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The majority of wire mesh that is manufactured and available from stock is woven in a “plain weave.” “Plain weave” refers to the method by which a wire mesh specification is woven – the warp wires, which run the length of roll, and shute wires, which run the width of the roll, pass over, one over, one under in both directions. This “over/under” weave locks the mesh in place, by virtue of the strength of the wires and the size of the opening.
Most plain weave wire mesh is usually manufactured on a rapier loom, which is recognized as one of the more efficient wire mesh looms in the world. In fact, generally speaking any mesh 3 x 3 Mesh or finer (i.e., 10 x 10 mesh or 50 x 50 mesh) is almost always woven in plain weave.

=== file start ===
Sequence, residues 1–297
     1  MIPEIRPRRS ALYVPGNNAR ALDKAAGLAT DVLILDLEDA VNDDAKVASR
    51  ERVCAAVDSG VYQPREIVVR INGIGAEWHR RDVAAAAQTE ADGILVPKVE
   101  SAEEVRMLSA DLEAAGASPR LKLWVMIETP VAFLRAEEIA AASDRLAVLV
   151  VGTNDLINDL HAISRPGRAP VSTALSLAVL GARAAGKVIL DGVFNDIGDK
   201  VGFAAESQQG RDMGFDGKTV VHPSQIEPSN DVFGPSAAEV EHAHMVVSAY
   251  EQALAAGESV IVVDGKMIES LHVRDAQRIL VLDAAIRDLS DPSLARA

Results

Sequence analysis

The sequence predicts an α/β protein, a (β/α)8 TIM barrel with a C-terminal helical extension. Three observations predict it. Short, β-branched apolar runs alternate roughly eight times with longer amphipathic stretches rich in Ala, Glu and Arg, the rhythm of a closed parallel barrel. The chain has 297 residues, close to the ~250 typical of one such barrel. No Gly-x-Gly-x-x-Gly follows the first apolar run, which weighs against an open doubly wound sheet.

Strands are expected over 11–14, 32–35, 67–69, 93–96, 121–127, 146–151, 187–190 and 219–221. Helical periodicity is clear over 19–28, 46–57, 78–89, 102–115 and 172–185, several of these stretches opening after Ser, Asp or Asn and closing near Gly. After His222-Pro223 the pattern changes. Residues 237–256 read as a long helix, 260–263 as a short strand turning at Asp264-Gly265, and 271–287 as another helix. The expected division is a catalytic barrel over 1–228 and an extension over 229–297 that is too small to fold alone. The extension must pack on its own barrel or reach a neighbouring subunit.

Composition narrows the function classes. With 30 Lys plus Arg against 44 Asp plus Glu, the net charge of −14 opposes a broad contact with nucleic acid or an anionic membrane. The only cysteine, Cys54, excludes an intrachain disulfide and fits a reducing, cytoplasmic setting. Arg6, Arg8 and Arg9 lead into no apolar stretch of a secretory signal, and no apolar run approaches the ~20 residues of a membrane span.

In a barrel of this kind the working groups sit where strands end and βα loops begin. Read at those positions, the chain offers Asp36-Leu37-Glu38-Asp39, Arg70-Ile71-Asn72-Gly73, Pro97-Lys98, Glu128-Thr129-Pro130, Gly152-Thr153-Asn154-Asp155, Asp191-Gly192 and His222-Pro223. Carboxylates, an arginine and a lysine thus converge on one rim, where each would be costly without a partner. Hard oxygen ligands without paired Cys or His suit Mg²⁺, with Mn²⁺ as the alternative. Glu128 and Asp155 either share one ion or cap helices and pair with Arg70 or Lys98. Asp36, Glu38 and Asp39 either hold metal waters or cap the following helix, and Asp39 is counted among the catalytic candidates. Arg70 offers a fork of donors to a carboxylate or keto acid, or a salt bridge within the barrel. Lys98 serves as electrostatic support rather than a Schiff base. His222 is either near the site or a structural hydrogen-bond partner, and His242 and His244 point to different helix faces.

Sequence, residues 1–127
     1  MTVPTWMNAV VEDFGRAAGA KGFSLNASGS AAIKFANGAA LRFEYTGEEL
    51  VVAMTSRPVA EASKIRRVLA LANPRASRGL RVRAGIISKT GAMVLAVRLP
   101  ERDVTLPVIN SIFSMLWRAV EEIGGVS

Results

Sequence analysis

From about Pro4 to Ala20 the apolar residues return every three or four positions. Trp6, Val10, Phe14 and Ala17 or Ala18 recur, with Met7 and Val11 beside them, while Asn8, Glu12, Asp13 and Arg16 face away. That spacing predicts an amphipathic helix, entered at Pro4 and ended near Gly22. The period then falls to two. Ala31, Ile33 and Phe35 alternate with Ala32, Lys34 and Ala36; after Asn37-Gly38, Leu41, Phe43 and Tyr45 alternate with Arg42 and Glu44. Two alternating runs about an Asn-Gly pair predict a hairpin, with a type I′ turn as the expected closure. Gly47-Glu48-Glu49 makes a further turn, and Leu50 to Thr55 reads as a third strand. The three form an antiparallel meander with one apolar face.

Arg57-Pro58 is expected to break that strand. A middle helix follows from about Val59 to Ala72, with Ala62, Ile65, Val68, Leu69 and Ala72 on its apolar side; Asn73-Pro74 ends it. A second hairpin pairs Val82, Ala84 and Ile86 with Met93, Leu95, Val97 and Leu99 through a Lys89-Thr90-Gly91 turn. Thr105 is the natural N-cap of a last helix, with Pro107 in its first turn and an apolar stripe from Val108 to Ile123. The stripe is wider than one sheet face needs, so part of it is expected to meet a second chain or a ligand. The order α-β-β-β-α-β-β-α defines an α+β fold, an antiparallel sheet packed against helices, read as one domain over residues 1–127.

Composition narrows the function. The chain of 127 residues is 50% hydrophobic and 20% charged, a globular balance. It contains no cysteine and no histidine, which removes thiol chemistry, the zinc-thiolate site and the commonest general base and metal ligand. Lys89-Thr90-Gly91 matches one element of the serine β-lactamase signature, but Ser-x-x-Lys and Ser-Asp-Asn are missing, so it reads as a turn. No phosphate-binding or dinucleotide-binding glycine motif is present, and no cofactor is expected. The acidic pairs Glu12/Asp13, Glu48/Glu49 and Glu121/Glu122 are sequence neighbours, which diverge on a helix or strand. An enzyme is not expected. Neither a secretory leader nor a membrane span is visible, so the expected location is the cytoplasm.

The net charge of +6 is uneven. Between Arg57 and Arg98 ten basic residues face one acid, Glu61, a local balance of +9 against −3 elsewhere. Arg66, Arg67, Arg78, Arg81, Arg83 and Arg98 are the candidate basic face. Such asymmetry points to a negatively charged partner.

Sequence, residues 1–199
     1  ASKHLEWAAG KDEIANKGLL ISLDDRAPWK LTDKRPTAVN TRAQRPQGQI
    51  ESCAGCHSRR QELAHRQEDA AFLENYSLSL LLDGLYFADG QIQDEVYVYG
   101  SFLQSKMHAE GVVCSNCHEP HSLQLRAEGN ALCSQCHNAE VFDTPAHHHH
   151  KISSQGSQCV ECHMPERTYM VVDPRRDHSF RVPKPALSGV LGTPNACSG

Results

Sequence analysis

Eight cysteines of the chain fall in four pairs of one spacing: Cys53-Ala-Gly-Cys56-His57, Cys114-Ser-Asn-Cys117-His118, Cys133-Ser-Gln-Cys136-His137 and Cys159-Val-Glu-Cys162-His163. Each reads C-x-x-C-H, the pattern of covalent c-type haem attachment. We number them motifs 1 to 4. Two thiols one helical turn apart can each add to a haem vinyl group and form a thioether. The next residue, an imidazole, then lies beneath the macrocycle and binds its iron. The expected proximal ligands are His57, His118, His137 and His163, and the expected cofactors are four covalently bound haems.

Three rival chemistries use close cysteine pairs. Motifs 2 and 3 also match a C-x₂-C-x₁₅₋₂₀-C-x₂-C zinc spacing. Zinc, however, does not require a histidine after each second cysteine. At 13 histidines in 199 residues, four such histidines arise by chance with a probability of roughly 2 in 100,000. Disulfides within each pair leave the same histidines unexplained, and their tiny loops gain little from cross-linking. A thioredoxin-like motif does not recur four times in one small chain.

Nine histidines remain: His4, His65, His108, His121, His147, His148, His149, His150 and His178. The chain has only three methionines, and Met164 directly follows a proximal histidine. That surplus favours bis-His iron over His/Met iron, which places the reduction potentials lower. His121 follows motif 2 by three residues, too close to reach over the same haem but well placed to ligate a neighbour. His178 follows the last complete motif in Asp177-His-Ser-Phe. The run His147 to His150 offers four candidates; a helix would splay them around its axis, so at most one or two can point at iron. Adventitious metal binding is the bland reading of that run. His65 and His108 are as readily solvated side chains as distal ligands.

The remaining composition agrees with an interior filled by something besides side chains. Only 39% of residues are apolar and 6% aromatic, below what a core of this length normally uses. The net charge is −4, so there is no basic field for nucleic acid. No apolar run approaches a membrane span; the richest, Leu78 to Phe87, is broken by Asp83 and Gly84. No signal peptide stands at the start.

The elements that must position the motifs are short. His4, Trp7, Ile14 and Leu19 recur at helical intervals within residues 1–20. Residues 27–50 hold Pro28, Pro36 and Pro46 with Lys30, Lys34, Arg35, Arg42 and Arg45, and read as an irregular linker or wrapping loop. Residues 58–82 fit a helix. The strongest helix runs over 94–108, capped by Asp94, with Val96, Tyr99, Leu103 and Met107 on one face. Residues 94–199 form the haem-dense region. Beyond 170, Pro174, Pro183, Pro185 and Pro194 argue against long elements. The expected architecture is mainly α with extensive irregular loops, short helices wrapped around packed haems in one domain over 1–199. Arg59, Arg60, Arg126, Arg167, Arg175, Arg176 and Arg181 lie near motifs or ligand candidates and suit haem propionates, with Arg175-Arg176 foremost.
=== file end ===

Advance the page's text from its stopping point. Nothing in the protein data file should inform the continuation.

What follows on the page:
In recent years, a related term, “plain crimp” has emerged into everyday industry jargon, and while it is not an officially defined term by the ASTM 2016-06 standard for industrial woven wire cloth (defined below), it does provide clarity into this topic. “Plain crimp” is a simple, almost-natural crimp in which each intersecting wire interlocks with the next adjacent wire. Oftentimes, “plain weave” and “plain crimp” are used to convey similar concepts. Our own rule of thumb is that most, but not all, plain weave is plain crimp, but all plain crimp is plain weave. Indeed, the pictures below both show “Plain Weave” (one wire over/one wire under) and “Plain Crimp” (simple and natural crimp style):
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